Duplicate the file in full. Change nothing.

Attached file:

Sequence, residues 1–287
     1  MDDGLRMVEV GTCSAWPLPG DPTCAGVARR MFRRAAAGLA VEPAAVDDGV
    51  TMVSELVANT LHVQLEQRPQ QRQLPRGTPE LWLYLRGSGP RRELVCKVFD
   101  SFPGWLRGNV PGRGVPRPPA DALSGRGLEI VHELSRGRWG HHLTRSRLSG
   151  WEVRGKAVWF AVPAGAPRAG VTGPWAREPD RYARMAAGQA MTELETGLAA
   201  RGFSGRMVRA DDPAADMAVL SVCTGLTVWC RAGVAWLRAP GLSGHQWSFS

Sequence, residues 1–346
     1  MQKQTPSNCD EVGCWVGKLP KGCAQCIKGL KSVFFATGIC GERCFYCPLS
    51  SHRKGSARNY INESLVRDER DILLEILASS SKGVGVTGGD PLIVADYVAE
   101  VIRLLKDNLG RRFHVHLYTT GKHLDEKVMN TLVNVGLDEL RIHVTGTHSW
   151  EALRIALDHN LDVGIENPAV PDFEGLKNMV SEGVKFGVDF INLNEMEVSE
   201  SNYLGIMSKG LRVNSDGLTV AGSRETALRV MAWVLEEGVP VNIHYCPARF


Sequence, residues 1–287
     1  MDDGLRMVEV GTCSAWPLPG DPTCAGVARR MFRRAAAGLA VEPAAVDDGV
    51  TMVSELVANT LHVQLEQRPQ QRQLPRGTPE LWLYLRGSGP RRELVCKVFD
   101  SFPGWLRGNV PGRGVPRPPA DALSGRGLEI VHELSRGRWG HHLTRSRLSG
   151  WEVRGKAVWF AVPAGAPRAG VTGPWAREPD RYARMAAGQA MTELETGLAA
   201  RGFSGRMVRA DDPAADMAVL SVCTGLTVWC RAGVAWLRAP GLSGHQWSFS

Sequence, residues 1–346
     1  MQKQTPSNCD EVGCWVGKLP KGCAQCIKGL KSVFFATGIC GERCFYCPLS
    51  SHRKGSARNY INESLVRDER DILLEILASS SKGVGVTGGD PLIVADYVAE
   101  VIRLLKDNLG RRFHVHLYTT GKHLDEKVMN TLVNVGLDEL RIHVTGTHSW
   151  EALRIALDHN LDVGIENPAV PDFEGLKNMV SEGVKFGVDF INLNEMEVSE
   201  SNYLGIMSKG LRVNSDGLTV AGSRETALRV MAWVLEEGVP VNIHYCPARF